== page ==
I would order it the same way. Maybe scripps green above USC.

I am actually debating switching Loma Linda and Olive View mainly because of the location. As for CPMC it is the cost of living and me not liking NorCal in particular was the main reason.

Do you guys have any comments on fellowship matches for pulm crit at Greens, Olive View and Kaiser? I lost my notes and remember being satisfied at the answer I got but forgot what they actually said. Kaiser said something about paying for 2 of the 6 spots available or something like that. I am emailing the PDs now to ask but if you guys know anything please help me. Thank you.

Edit: Why Scripps above USC? Can you elaborate? Thank you.
 
Hey everyone, interested in cards, please let me know your thoughts on ROL:

Emory
UTSW
Baylor (Houston)
U Southern Cal
Cedars Sinai
UT Houston
MUSC

Thanks in advance.
 
Last edited:
Folks,

I have got a humble bunch here and wondering how to rank them? With ROL deadline fat approaching, I would appreciate anything you may know about these programs?

What I know about the programs is given next to them:

Maimonides, Brooklyn, NY
-Has in house fellowships, larger program in terms of PGY-1 positions

Richmond University Medical Center, State Island, NY
-Has in house fellowships

Mather Hospital, Port Jefferson, NY
- New program, affiliated with Stony Brook Medicine, nice location, no residents have graduated yet, Most senior class is PGY-2

St. Luke’s Hospital, Chesterfield, MO

-Nice Location, Has good track record in fellowship placements

Berkshire Medical Center, Pittsfield, MA
-Location is little remote, no in house fellowships

Raritan Bay Medical Center, Perth Amboy, NJ

-Location is good but program seemed OK

Meharry Medical College, Nashville, TN - Family Medicine

-Ok program, only family medicine program I got so probably will be lowest on the list

Thank you for your time!
 
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You keep posting multiple times. People aren't as familiar with these community programs, consider finding another resource.

Folks,

I have got a humble bunch here and wondering how to rank them? With ROL deadline fat approaching, I would appreciate anything you may know about these programs?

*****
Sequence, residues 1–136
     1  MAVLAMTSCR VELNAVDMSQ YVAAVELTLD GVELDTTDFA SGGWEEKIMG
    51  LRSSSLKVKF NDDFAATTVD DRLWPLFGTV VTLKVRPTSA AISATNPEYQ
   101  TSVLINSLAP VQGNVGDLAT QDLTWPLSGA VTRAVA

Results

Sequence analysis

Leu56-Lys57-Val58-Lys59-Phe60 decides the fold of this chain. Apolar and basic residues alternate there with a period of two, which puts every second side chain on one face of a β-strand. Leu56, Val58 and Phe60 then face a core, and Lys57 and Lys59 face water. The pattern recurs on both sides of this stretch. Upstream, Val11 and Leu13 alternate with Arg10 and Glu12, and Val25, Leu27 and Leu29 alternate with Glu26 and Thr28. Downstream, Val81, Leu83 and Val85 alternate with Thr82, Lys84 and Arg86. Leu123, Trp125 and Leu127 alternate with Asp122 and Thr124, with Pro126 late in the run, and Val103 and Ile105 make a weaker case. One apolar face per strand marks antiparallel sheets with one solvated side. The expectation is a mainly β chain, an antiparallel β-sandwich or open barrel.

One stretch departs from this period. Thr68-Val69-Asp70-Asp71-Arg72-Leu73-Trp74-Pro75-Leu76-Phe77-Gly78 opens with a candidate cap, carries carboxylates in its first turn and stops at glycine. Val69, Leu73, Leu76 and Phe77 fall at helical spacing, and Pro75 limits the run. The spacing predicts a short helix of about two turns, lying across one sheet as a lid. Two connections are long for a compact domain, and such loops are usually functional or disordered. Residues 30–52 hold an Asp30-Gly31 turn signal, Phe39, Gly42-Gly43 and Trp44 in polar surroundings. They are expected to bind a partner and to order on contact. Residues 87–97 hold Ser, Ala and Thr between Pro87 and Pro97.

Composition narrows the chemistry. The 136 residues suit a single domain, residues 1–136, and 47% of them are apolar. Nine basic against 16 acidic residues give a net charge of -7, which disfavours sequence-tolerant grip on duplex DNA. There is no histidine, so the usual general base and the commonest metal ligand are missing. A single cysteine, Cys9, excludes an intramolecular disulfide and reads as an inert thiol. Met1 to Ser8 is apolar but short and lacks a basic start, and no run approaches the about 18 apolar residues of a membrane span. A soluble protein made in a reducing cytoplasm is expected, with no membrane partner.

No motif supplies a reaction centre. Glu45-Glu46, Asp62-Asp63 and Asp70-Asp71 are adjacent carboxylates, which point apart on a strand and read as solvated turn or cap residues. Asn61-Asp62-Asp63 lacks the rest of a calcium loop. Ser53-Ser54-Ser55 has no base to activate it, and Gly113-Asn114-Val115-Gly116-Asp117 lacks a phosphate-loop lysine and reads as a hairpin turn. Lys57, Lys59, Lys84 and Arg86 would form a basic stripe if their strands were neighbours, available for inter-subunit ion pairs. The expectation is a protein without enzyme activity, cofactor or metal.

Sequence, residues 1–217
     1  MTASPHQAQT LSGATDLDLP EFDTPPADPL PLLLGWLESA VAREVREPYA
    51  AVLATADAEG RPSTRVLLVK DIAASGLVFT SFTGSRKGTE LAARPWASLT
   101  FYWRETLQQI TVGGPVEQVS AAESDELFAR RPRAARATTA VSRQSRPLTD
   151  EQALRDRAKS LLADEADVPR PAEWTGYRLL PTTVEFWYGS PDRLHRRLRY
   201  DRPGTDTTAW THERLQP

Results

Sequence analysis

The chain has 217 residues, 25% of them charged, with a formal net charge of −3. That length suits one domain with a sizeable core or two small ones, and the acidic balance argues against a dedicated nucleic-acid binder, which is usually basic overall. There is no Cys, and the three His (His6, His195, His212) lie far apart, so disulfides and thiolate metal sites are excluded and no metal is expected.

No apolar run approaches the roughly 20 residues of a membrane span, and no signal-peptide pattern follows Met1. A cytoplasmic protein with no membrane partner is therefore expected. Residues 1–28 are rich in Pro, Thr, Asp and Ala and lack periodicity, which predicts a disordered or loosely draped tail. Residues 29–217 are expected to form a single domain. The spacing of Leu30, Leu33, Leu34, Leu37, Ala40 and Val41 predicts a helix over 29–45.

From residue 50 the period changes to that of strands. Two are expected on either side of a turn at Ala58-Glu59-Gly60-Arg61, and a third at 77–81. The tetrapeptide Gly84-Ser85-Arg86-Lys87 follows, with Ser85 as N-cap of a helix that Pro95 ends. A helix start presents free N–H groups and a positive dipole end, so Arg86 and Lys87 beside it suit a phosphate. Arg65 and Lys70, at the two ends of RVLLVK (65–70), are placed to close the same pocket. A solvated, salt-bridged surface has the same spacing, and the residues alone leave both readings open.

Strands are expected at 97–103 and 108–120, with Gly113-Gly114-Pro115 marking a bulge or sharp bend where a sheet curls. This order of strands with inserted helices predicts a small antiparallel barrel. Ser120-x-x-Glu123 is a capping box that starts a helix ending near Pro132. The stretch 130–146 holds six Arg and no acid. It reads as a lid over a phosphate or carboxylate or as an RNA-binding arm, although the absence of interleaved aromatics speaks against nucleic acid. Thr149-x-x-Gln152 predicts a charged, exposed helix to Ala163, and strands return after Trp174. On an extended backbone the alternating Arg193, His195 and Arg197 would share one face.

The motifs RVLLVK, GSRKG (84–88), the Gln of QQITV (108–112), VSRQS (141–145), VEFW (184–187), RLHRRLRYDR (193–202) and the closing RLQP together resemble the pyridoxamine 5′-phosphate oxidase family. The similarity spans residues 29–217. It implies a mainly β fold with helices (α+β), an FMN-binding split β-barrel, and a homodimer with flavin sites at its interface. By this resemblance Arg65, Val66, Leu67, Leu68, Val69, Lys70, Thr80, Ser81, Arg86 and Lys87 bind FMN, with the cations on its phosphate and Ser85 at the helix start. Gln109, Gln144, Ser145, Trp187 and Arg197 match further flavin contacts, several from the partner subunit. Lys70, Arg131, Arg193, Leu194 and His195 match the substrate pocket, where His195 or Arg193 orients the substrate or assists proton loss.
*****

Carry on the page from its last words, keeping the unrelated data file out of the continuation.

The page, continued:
What I know about the programs is given next to them:

Maimonides, Brooklyn, NY
-Has in house fellowships, larger program in terms of PGY-1 positions

Richmond University Medical Center, State Island, NY
-Has in house fellowships

Mather Hospital, Port Jefferson, NY
- New program, affiliated with Stony Brook Medicine, nice location, no residents have graduated yet, Most senior class is PGY-2

St. Luke’s Hospital, Chesterfield, MO

-Nice Location, Has good track record in fellowship placements

Berkshire Medical Center, Pittsfield, MA
-Location is little remote, no in house fellowships

Raritan Bay Medical Center, Perth Amboy, NJ

-Location is good but program seemed OK

Meharry Medical College, Nashville, TN - Family Medicine

-Ok program, only family medicine program I got so probably will be lowest on the list

Thank you for your time!
 
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I am actually debating switching Loma Linda and Olive View mainly because of the location. As for CPMC it is the cost of living and me not liking NorCal in particular was the main reason.

Do you guys have any comments on fellowship matches for pulm crit at Greens, Olive View and Kaiser? I lost my notes and remember being satisfied at the answer I got but forgot what they actually said. Kaiser said something about paying for 2 of the 6 spots available or something like that. I am emailing the PDs now to ask but if you guys know anything please help me. Thank you.

Edit: Why Scripps above USC? Can you elaborate? Thank you.

Just on reputation alone. Although USC will probably provide you with better pulm crit experience.

Things may be changing as it seems USC rep has been much better these past few years.

Outdated source: http://forums.studentdoctor.net/threads/southern-california-rank.487956/
 
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Anyone have the class of 2016 fellowship match list for UMinn ? Thanks
 
Thank you for your reply. I didn't realize that it's because of unfamiliarity with these programs that I wasn't getting any response and my post may have been getting lost in the shuffle. Makes sense, thank you again for chiming in. Good luck to all in the Match!